At GearFest 2012, Craig Anderton led a presentation on integrating analog and digital studio technology. GearFest, held every Summer on the Sweetwater campus in Fort Wayne, Indiana, has become the premier Midwest event for musicians. Over the years, founder Chuck Surack has transformed it from an informal gathering where musicians can connect and check out gear to an ever-growing, twoday event; this year GearFest featured a mix of booths from 220 manufacturers (many of whom didn’t exhibit at Summer NAMM), visitors from around the world, more than 80 seminars and workshops, a flea market for used gear, celebrated keynote speakers, “you-have-to-be-there” deals on gear, and some pretty cool music. Some of this year’s featured speakers were Thomas Dolby, Lee Roy Parnell, Marcus Miller, Fab Dupont, J. R. Robinson, Jeff Loomis, George Massenburg, and Electronic Musician’s own Craig Anderton.
The thing that makes GearFest successful is that, while it’s obviously Sweetwater-centric, it has transcended its origins to become a summer music event second only to Summer NAMM. Among the many seminars featured at GearFest was the Craig Anderton-led presentation on integrating analog and digital in what he calls “the hybrid studio.” Although we can’t take you backward in time to GearFest itself, we can certainly present the highlights of this wellreceived seminar. —Sarah Jones
Although there’s much hype around analog vs. digital technology, let’s remember analog’s original meaning: “represented by a continuously variable physical quantity.” Analog is more than just a type of technology; in fact, most studios already combine analog and digital—transducers are analog, as are moving air, ears, and instruments. Furthermore, levels, sends, EQ, and similar elements, even if implemented with digital technology, aim to give a smooth, analog feel.
Mixing is a good example of an analog process, but also note that a mix can be a performance ( just ask DJs, or consider sessions back in the ’60s when multiple sets of hands worked a large-format console), and it’s also an inherently polyphonic activity.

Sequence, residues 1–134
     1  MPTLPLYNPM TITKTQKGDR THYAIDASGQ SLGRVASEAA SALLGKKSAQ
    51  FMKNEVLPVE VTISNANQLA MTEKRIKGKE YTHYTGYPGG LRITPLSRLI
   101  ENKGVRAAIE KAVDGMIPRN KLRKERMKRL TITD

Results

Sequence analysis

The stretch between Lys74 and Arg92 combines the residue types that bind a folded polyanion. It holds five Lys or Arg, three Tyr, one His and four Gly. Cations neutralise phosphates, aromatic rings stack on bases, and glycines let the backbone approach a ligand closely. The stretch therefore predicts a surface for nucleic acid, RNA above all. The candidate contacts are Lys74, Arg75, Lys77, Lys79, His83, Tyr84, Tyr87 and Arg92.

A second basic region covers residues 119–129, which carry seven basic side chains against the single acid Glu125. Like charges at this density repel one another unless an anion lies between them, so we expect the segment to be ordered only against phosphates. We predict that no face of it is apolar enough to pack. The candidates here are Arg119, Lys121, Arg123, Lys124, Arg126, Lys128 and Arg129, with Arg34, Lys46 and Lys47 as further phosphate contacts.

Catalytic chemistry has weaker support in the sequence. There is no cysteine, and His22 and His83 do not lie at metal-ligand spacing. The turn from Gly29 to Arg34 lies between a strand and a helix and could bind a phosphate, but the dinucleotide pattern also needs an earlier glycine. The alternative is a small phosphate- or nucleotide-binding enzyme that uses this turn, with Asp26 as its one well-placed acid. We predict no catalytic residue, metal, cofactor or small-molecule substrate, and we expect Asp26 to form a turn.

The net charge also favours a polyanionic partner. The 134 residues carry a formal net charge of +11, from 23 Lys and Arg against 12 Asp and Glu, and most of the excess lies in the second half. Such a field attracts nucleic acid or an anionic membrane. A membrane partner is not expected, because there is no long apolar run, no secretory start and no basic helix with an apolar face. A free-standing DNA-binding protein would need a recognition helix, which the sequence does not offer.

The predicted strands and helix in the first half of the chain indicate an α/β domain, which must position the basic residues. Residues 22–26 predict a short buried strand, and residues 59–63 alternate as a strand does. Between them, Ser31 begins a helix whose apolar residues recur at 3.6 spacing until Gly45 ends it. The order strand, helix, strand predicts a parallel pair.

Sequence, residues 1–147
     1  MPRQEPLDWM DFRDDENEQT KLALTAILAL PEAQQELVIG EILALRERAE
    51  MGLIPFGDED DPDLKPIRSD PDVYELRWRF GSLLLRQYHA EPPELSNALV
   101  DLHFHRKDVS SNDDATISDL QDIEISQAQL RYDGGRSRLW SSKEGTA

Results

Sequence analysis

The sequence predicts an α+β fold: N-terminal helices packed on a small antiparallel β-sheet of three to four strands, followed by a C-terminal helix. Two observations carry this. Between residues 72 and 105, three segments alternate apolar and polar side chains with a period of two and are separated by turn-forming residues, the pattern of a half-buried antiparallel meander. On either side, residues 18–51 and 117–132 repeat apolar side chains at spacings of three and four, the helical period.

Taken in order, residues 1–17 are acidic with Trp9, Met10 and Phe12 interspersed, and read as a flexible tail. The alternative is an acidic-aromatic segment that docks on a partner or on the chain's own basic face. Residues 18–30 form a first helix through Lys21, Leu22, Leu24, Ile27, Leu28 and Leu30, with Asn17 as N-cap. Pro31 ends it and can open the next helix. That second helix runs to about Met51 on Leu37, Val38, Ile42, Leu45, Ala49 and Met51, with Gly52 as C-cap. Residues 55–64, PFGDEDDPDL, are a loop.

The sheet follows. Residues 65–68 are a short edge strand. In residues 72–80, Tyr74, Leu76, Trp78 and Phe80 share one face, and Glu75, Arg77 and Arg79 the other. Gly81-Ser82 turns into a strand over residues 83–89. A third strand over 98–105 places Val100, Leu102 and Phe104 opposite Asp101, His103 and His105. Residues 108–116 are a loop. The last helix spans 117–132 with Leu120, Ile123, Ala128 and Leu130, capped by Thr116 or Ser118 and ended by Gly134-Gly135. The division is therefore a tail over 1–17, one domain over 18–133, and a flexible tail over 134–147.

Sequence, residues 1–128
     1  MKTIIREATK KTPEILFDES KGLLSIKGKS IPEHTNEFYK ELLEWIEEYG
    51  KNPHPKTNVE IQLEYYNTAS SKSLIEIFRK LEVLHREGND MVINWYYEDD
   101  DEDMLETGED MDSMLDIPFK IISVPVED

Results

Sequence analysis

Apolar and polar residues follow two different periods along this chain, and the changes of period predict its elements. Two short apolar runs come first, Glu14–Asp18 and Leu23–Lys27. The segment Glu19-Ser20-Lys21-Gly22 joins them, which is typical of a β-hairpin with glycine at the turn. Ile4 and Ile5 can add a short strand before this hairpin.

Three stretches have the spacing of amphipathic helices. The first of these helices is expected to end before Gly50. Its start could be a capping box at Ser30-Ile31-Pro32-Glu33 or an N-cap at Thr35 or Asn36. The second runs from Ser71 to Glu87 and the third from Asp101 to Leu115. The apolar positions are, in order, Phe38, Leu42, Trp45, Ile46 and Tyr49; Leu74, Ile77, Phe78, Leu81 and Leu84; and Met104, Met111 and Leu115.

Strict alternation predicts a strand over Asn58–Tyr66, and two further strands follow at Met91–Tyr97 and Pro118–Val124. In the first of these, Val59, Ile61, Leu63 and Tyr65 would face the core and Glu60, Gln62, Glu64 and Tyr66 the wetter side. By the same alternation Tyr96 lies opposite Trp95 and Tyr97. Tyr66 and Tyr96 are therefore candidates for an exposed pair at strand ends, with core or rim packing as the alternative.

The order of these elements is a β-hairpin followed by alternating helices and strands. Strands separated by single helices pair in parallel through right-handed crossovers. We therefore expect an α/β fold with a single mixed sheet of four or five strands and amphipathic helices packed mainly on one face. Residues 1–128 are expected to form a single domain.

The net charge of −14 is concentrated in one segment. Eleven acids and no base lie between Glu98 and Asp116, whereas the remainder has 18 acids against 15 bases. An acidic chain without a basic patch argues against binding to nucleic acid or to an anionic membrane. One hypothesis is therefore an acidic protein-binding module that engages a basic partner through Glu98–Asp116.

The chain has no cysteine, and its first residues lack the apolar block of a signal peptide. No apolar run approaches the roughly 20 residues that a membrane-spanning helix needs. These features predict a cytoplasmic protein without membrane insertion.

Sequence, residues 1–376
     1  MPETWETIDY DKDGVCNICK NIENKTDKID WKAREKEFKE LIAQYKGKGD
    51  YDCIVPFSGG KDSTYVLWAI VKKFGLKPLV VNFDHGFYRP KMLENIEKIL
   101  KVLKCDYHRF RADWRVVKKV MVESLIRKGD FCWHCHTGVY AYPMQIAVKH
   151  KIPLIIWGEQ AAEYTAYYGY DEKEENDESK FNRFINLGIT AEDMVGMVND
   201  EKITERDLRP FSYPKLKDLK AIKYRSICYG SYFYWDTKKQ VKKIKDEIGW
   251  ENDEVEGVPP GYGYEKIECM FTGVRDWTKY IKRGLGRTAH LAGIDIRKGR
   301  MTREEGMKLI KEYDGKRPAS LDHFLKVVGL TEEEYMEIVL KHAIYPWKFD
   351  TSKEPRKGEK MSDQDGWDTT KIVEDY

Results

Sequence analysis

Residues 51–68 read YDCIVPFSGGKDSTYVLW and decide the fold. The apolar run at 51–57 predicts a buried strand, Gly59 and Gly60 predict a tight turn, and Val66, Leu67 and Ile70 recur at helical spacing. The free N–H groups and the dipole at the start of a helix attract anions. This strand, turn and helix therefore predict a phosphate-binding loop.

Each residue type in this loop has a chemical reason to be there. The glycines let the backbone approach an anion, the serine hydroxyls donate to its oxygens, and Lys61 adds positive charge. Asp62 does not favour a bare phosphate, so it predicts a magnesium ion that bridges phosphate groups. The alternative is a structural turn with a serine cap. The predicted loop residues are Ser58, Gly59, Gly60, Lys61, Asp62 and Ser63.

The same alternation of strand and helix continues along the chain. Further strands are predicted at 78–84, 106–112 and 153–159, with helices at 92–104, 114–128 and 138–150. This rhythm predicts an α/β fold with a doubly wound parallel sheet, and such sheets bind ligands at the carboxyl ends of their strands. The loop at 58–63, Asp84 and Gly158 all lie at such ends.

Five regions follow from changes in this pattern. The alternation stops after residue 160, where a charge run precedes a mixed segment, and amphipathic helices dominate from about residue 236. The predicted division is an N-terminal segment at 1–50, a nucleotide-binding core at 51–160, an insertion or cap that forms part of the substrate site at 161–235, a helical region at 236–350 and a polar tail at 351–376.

Fig. 1. Yamaha’s Motif series was designed to serve double-duty as a basic control surface for a variety of DAWs—not just Steinberg’s Cubase AI.Fig. 2. This shows the FireWire button enabled in PreSonus’s StudioLive 16.0.2 mixer; inputs 1–3 are set to inputs coming in from FireWire instead of their analog inputs. This is why mixing with a mouse is often unsatisfying: It’s a monophonic device in a polyphonic world. Fortunately, there are plenty of control surface options—from keyboards like Yamaha’s Motif series, whose sliders (Figure 1) can map to a variety of DAWs, to multifader controllers like the Mackie Control, Euphonix Artist Series, or Behringer BCF-2000, and to individual channel faders like the PreSonus FaderPort or Frontier Design AlphaTrack. And of course, there are specialized control surfaces, like Novation’s Launchpad, or Akai’s APC20 and APC40 for Ableton Live.
The Mixer as Control Surface Another option is a conventional mixer working with an audio interface that has multiple audio outputs, or a mixer with a FireWire or USB 2.0 interface (PreSonus StudioLive series, or the latest digital mixers from Yamaha, Phonic, Alesis, and others). There are several benefits to using a mixer as a control surface:
• You can route the output back into the DAW feeding it to record a stereo mix.